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Political impact: Think locally, act locally
Written by Kerry Ashmore
Posted  9/21/2011
The President has proposed a "jobs bill," which is encouraging, and the rhetoric from the other side of the political aisle has been somewhat muted, which is also encouraging. While these encouraging signs are, well, encouraging, they arrive very late in a political battle that threatens both the short and long term futures. For the Republicans, it began as soon as they determined that Barack Obama would likely win the Presidency and carry Congressional majorities on his coattails. They began immediately, and openly, their efforts to ensure that Obama would lose the 2012 election.

The most honorable way to pursue this endeavor would have been to provide practical and attractive alternatives to the President’s plans, sell them well, and convince the American public that a political change is the best way to bring them about. The most effective way to pursue this endeavor, however, is to demonize the President, energize and welcome those whose platform includes racist fear and hate, bring government as close as possible to a standstill, and, through neglect, create an unhappy electorate that will vote for almost anything if they believe that something will happen as a result. The Republicans clearly and openly chose this route three years ago, and the Democrats are only now—slowly, softly and respectfully—beginning to call them out.

For the Democrats, it’s far too little, far too late. Many Minnesotans seem surprised that the contentious political situation at the national level seems similar to the situation at the state level. It’s not a coincidence at all. It’s a well planned and so far brilliantly executed political strategy, and it’s happening all over the country.

While the most visible Republican action—or inaction—has occurred since the beginning of the Obama presidency, it’s a culmination of a long-term strategy. Some would say it goes back as long as 30 years. The apparent motive—limiting the size and role of government—can and will be argued, and all sides will have meritorious points. However, spending decades of time and all available political capital to stop things from happening takes its toll. Government investments, such as the ones contemplated in the President’s jobs program, do more than stimulate the economy. They can give people something to hang their American hats upon.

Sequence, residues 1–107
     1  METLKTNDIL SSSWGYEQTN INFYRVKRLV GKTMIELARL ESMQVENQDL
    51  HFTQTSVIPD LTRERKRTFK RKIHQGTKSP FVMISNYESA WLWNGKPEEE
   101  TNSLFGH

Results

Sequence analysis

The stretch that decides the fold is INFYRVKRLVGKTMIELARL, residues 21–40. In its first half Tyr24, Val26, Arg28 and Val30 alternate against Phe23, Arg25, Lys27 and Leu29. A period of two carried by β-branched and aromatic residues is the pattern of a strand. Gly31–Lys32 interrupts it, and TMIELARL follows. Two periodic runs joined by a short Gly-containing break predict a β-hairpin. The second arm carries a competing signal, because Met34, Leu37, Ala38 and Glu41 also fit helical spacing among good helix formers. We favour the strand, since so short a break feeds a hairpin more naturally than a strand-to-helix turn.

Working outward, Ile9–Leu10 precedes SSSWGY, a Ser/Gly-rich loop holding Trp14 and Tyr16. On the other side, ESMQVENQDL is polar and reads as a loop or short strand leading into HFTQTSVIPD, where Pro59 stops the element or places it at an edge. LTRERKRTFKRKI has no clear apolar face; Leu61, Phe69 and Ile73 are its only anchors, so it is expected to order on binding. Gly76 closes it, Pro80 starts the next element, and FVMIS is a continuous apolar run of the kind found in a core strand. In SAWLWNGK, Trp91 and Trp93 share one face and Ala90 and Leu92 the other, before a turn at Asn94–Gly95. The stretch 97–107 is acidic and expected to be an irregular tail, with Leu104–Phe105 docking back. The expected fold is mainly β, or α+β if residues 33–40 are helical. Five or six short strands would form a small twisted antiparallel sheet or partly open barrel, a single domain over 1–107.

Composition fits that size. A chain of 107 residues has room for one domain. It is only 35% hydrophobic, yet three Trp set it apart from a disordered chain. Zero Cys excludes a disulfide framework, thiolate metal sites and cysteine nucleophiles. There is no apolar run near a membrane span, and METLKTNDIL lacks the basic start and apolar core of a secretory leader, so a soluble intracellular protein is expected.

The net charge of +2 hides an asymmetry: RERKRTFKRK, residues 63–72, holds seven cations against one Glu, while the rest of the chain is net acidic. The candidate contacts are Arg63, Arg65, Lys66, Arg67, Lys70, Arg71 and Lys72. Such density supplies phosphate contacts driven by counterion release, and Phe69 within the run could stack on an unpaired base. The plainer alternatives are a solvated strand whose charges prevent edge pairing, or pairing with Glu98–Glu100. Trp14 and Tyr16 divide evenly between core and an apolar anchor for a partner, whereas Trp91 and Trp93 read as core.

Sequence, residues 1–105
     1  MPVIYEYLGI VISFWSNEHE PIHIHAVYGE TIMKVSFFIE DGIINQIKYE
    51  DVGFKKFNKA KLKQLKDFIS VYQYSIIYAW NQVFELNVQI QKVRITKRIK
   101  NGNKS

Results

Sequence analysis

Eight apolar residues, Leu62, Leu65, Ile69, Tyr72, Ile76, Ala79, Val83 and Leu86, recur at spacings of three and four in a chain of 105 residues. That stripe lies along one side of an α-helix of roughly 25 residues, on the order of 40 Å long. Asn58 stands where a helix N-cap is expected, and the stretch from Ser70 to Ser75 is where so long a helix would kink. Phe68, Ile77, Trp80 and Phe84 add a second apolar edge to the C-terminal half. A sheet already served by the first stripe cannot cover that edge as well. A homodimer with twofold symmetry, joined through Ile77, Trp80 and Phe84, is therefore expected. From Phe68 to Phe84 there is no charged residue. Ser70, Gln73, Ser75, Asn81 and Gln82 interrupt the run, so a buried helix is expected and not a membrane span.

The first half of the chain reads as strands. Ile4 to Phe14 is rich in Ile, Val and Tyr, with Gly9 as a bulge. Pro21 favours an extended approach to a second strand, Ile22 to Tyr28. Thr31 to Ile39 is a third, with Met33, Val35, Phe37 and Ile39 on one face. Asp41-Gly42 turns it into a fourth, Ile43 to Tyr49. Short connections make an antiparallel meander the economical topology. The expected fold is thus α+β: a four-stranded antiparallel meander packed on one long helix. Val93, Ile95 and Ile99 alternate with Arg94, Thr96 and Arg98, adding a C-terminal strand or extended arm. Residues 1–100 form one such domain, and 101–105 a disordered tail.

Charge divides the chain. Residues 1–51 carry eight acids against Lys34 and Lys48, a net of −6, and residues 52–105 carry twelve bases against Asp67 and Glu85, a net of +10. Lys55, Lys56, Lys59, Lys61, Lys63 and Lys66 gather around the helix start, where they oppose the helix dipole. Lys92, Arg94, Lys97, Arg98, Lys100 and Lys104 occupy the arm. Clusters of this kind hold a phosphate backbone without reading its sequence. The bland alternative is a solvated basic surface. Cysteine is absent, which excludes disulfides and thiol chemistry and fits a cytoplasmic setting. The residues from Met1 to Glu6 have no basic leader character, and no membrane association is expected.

After World War II, the war hero and conservative republican President Dwight Eisenhower saw this need, and pushed for what is probably the most far-reaching public works program in history, the interstate highway system. As a nation, we certainly made some mistakes in pursuit of those highways, but we built them, and we use them to the extreme, and we argue mightily about ways to expand them or to provide other transportation options that will ease the strain on them. Planning, designing, building and maintaining them has created and maintained innumerable jobs in the public and private sectors.

In the ensuing years, we worked hard as a nation to eliminate racism. We provided medical care for the elderly. We improved the public education system and expanded aid programs to allow more people access to post-secondary education. We made a national commitment to explore space, and have reaped enormous technological and research benefits from that commitment.

With the notable exception of the Americans With Disabilities Act that was passed in the early 1990s, it’s hard to come up with examples of the American government investing in plans and ideas that will make America and the world better places in future years. (The "war on terror," while commanding great amounts of the national treasure, quickly lost its ability to inspire national unity and shows little promise toward ending either war or terror.) Even many of our more progressive politicians pay major lip service to the idea that governments must stop investing in people.They might call it "deficit reduction" or "bringing spending under control," but it all means the same thing. Progressive investment seems to be off the table.

At the local level, many people seem to believe they can’t have much impact on the national debate, and they may be right. We can long for great things to happen at the international, national and state levels, but it appears unlikely that the near future will bring about much progress. People at the local level can, however, do a lot to slowly but steadily bring about progress; doing what they can do, using the power and authority they already have.

We can, at the local level, create the building blocks of tomorrow’s greatness. We might not have billions to invest, maybe it’s only thousands. It’s critical, however, to realize that any progress that’s made in the foreseeable future will likely be at the local level. That means city council meetings, board and commission meetings, even neighborhood organization meetings are more important than ever. It means local elections are more important than ever.

We can do things to improve education. We can do things to protect the environment. We can do things in ensure equality of rights and opportunity. They might not be the great, national tasks that drove America in earlier decades. But they’re things we can do. Great things can come from St. Paul and from Washington, D.C., but they’re not destined to come until the current political wrangling has run its course. What we call "the politics of nothing" has been building strength for 30 years now, and doesn’t seem ready to yield to progress any time soon.

Where will progress come from? As our editorials often say, "Look in a mirror."

Northeaster Opinion